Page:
An older gentleman walked into Cincinnati attorney John Brinker's office a few years ago seeking some help.
He had won $656,000 through the Ohio Lottery's Rolling Cash 5 game and wanted to preserve his anonymity. Ohio allows trusts to claim lottery prizes so the identity of big winners can remain a secret.
The man needed a proper name for his trust.
Brinker looked the winner up and down and, on the spot, came up with the perfect name — "The Wish This Had Happened Sooner Trust."
"The money would have been more enjoyable if he had been a little younger when he won," Brinker said with a chuckle, recalling the experience.
The Wish This Had Happened Sooner Trust is far from the only humorous or interesting name for a trust that has collected prize money in the Buckeye State over the years.
While many people are fine with having their names made public after a big win, others choose the trust route to keep their identity away from prying public eyes. The trusts prevent winners from being hit up by solicitors — or in some cases maybe even distant relatives — interested in getting a piece of the financial windfall. Ohio is one of the few states that permit winners to remain anonymous.
The Beacon Journal filed a public records request with the Ohio Lottery Commission for claim forms completed by trusts since 2015 and reached out to their attorneys, whose names do appear on the forms, to hear the stories behind some of the unusual names. The commission provided 54 claim forms, but said it didn't have a breakdown of the percentage of winners who choose to collect prizes by a trust.
Most attorneys didn't return phone calls, while others declined to comment, meaning just like the identity of the winners, the stories behind such offbeat names as The Peeky Poo Trust and The Oreo Cutie Trust will remain forever a mystery.
We likely will never know about the amphibian crush behind The Loves Frogs Trust, if The Captain Crunch Trust really is a reference to the famous children's cereal or whether the recipient of The Banana Head Trust has a head shaped like a banana.
Ronald Zele, a Willoughby attorney who represents The David's Song Trust, which won $50,000 a year for 20 years in a Super Millions game in 2015, said there is indeed a tale behind the name. Alas, his client is a private person and he wouldn't share it.
Berea attorney Margaret Karl was more than willing to chat about The Moms Birthday Trust — and use the story to pass along a valuable life lesson. She handled a claim for a Rolling Cash 5 prize worth $254,003 last year.
Her client was visiting his mother in a southern Ohio nursing home on her birthday around Halloween time. He dipped into a convenience store to grab some candy for a trick-or-treat event at the nursing home and bought the winning ticket. Thus, The Moms Birthday Trust.
"I use it as a funny story to tell people this is why you should always go visit your mothers in the nursing home because it ended up being quite a gain for him in doing so," said Karl, who handles estate planning and elder care law. "He was very close to his mom. It was quite a drive. I see a lot of the opposite where people don't go visit anybody and they live around the corner. Karma can come back in a positive way."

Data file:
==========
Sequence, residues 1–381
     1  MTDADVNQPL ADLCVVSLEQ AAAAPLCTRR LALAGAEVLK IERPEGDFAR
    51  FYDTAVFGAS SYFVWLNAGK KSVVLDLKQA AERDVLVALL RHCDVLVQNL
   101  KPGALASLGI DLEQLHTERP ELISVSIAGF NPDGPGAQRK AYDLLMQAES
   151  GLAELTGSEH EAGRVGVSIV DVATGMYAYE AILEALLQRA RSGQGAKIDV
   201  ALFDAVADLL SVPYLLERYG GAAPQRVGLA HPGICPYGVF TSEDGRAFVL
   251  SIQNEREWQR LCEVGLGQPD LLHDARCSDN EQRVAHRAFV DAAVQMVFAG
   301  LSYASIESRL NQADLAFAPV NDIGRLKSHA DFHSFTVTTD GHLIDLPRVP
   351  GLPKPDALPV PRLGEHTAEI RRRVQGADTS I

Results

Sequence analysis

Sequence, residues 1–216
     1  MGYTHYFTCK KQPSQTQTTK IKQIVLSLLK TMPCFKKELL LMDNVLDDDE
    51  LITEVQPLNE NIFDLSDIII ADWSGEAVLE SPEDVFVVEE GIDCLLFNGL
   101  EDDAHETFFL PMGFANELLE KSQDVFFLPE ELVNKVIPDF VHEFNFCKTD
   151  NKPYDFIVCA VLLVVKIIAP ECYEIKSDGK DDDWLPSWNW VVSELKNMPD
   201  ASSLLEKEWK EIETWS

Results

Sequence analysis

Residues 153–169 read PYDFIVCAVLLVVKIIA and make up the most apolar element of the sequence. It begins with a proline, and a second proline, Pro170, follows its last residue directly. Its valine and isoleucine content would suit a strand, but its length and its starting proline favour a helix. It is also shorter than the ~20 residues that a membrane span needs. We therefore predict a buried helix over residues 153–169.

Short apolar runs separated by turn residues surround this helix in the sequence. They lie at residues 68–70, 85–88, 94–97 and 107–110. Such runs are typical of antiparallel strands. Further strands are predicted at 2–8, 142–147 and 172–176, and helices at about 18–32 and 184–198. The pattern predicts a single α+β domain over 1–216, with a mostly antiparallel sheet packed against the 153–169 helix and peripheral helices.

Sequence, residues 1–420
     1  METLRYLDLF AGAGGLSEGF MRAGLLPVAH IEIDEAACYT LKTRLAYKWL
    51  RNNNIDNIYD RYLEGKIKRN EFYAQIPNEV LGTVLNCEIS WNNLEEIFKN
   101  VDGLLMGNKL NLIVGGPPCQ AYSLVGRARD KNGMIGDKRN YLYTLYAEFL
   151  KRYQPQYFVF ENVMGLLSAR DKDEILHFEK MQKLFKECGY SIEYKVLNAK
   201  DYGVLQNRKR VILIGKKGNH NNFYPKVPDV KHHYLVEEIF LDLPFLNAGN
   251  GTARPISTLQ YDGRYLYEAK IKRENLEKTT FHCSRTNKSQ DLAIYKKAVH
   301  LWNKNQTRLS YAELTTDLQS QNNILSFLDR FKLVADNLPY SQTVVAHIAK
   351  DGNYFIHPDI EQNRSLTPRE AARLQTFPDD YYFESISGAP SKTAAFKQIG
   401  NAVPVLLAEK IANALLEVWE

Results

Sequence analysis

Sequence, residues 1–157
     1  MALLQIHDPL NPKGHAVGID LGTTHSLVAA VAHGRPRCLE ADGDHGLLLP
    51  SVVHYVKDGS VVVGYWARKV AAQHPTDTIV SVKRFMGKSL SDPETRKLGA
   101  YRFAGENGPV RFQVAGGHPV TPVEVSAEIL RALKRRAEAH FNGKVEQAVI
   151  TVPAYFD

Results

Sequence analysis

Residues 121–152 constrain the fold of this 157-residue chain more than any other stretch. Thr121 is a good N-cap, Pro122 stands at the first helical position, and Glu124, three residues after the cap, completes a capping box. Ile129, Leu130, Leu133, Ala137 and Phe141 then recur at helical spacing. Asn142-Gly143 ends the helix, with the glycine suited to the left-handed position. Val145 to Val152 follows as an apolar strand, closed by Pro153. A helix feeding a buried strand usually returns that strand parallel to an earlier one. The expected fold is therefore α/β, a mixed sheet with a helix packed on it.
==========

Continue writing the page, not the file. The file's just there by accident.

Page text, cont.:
There surely is a fanciful story behind The Kenny's I Trust. Is it Kenny Rogers? Kenny G? Kenny Loggins? Kenny Chesney? Kenny Lofton?
Not so fast, Willoughby attorney Jeffrey Black said. It's just a reference to the name of the store where the $172,855 winning Twenty 20's ticket was purchased.
As you might expect, there are several "lucky" trusts: The Lucky Duckling, Lucky Duck, Lucky Forty Eight, Luck 13, Lucky Fin and Lucky Lottery.
Winners also are appreciative of their windfall. That's likely the reason behind The Thankful Trust Passive Trust, The Ticket to Security Trust and The Mood Swing Trust.
Of course, your mood would likely swing, too, if you won $1 million from Powerball.
Not all trusts have interesting names. Some are just plain boring such as the The Lottery Ticket Mega Millions Game Trust and The December 2017 Trust.
Sylvania attorney Robert A. Retske handled two different claims. In each case, he used his initials — at least that appears to be what he did when he set up The RAR V Trust and The RAR VI Trust. He didn't respond to a request for comment.
The biggest prize collected by a trust was a $142 million Mega Millions win in May 2018.
The name? The ABC XYZ Trust. Cincinnati attorney Emily Pan didn't respond to a request for comment.
Hudson attorney John Sharp couldn't recall the specific reason behind the name of The Royal Orchid Trust in 2015. The winner collected $250,000 for 20 years after winning on a Lucky Loot scratch-off ticket. He thinks the winner liked to garden.
He also sees some irony in the fact that the claim form lists his name.
"[The winners] have to divulge their name and address to the Lottery Commission but the Lottery Commission keeps it private as long as they go through this process," Sharp said. "My name, on the other hand, is not private. I'm sort of out there as the 'contact-the-attorney-for' so I get a little bit of solicitation and phone calls thinking I won the lottery."